The simple, spindly shape of the container which is always the same, and four dominating colours (yellow, red, blue and green) in a way force one to create sets which are geometrical in character. My thinking went along exactly those lines. The role of the container in the structure of the work has been reduced to colourful dots which make up more or less regular shapes, linear rhythms, abstract spots or stylized drawings. In this way decorative assembla-ges have come into being (though, of course, it is not the only way to use those containers in a work of art). The physical form of the container became a secon-dary or even an invisible feature. What dominates is bright colour and texture which is determined by the material employed.
The assemblages are limited formally: all works have the same format, the containers are set verti-cally and the plain, limited by a wooden frame, is covered by them completely. Those rules allowed me to concentrate on the composition built, as I have said, on colour, and to preserve the formal coherence of all works. In spite of the discipline I adopted, two exceptions took place; in one case, due to the multi-plication of an image its height was doubled, and in the second, the containers have been placed horizontally.
The effect of such games played with those containers was 25 assemblages. At the exhibition they have been divided into groups of 3 or 4 works and set in an order which allows to see the conse-cutive phases of the exploration of artistic potential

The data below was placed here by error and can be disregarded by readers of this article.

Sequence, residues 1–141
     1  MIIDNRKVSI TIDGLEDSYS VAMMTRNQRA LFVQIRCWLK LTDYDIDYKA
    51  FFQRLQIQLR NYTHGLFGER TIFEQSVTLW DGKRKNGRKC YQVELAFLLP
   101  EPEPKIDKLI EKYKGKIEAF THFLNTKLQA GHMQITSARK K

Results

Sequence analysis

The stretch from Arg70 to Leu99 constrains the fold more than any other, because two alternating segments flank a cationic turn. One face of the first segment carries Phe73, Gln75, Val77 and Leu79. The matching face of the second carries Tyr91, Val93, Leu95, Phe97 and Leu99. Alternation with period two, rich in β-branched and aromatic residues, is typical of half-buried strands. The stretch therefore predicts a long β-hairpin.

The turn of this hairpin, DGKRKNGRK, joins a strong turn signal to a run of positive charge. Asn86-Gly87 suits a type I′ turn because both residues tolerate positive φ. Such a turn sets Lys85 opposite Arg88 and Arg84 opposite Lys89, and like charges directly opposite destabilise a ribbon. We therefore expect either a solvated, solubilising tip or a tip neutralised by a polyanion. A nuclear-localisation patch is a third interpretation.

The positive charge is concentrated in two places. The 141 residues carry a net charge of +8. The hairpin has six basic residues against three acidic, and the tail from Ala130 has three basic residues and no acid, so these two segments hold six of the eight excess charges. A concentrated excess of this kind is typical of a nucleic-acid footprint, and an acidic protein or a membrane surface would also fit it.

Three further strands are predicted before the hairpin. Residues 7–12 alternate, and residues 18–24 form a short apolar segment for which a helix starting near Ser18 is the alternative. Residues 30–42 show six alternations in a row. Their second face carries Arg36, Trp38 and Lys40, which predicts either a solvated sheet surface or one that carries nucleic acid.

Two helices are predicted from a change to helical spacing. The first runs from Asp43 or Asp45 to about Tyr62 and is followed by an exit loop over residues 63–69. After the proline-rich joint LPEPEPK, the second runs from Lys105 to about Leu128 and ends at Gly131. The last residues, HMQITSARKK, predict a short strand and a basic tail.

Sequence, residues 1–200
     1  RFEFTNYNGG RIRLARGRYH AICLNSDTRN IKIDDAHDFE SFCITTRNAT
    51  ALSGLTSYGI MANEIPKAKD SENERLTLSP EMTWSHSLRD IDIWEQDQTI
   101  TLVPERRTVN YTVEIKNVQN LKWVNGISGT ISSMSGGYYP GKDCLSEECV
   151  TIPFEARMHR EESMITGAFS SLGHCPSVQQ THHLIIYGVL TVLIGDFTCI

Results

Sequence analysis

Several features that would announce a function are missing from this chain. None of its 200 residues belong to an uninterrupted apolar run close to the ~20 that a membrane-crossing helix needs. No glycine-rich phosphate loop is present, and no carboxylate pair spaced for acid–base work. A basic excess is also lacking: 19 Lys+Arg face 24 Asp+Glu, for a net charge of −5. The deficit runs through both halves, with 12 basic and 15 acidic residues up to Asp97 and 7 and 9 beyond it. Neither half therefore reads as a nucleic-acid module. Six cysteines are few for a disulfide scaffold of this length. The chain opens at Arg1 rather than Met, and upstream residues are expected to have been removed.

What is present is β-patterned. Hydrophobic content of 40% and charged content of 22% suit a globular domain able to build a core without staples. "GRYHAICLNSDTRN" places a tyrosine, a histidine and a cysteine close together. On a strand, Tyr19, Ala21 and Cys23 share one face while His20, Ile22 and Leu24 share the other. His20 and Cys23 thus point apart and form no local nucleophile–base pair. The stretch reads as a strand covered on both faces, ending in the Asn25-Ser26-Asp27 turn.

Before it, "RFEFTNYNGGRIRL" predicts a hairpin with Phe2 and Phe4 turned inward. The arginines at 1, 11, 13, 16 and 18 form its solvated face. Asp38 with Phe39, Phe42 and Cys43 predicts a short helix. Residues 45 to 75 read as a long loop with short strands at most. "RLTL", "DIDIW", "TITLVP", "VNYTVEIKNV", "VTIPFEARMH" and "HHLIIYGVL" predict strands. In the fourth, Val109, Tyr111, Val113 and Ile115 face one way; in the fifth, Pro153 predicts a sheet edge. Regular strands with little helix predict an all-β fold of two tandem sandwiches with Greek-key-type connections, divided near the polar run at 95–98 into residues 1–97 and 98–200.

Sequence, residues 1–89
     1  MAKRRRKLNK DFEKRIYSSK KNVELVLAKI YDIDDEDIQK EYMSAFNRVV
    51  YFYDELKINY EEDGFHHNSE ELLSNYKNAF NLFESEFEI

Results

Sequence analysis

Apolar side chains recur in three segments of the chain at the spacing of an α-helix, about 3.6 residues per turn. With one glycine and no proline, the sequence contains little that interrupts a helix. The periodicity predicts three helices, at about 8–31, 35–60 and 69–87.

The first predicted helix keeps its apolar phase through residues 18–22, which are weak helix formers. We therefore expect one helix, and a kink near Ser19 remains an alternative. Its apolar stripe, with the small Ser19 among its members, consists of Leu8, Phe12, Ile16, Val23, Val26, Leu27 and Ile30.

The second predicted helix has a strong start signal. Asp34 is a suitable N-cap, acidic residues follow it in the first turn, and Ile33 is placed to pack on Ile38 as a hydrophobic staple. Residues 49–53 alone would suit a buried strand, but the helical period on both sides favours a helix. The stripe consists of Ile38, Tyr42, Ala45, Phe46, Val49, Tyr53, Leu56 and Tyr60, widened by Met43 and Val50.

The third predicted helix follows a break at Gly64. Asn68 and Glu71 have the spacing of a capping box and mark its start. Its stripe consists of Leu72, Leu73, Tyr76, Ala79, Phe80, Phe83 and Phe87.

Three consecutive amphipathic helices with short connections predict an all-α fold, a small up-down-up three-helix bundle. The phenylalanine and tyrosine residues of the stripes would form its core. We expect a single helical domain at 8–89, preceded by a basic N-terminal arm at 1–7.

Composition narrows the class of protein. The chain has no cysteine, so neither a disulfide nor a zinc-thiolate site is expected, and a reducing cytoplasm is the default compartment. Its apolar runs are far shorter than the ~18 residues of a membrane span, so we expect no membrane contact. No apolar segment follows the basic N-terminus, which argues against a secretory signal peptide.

of the material. The starting point ara the works which shows the colour foundation of the containers. The assemblages that follow are its derivation and they form sequences: complicated patterns within the same colours, colour mutations of identical forms, different figures set against the same background, carpetlike structures, representational forms.
Each group of works forms a certain separate, expressive entity and stands for the specific emotional tone of the author.
Was it worthwhile to devote so much time to what is, after all, garbage? Yes, because they turned out to be more attractive than I thought at first. Gradually, as I spent more and more time with those containers, they revealed their mysteries and became a medium which liberated my imagination. Close contact with this mass of containers gave me the feeling of sensual happiness, the happiness of a child who builds structures of building blocks unrecognizable to anyone else, without measure or any boundaries.
I snatched this waste material of our civilization from the garbage can and preserved it half-way (though only for a short time of the exhibition) between the role of a container they had already fulfilled and the visit in a blast furnace. Let me also add here that the invasion of digital technology on photography might soon make the traditional container obsolete and deprive us of the pleasure of contact with this pretty box.
The world of my assemblages was created from this chaotic multitude of little containers just as the World we live in was created from chaotic primordial matter. I would like my exhibition to allude to this key moment in history, most of all by means of its opening date – October 22nd , 2004, at 18.00. As Bishop of Armagh, James Usscher, claimed in his “Annales Veteris Testamentis...”, published in 1650, the World was created on the 23rd of October, 4004 B.C. at 6 pm. Thus the opening of my exhibition takes place precisely the day before the anniversary of this event. Although it is impossible today to reconcile the biblical dogma of world creation with scientific theories, the above date is more “human” and therefore easier to grasp by human imagination. It is a specific licentia poetica, so akin to artistic creation.
Grzegorz Bojanowski 1997/2004
Translation by Maciej Świerkocki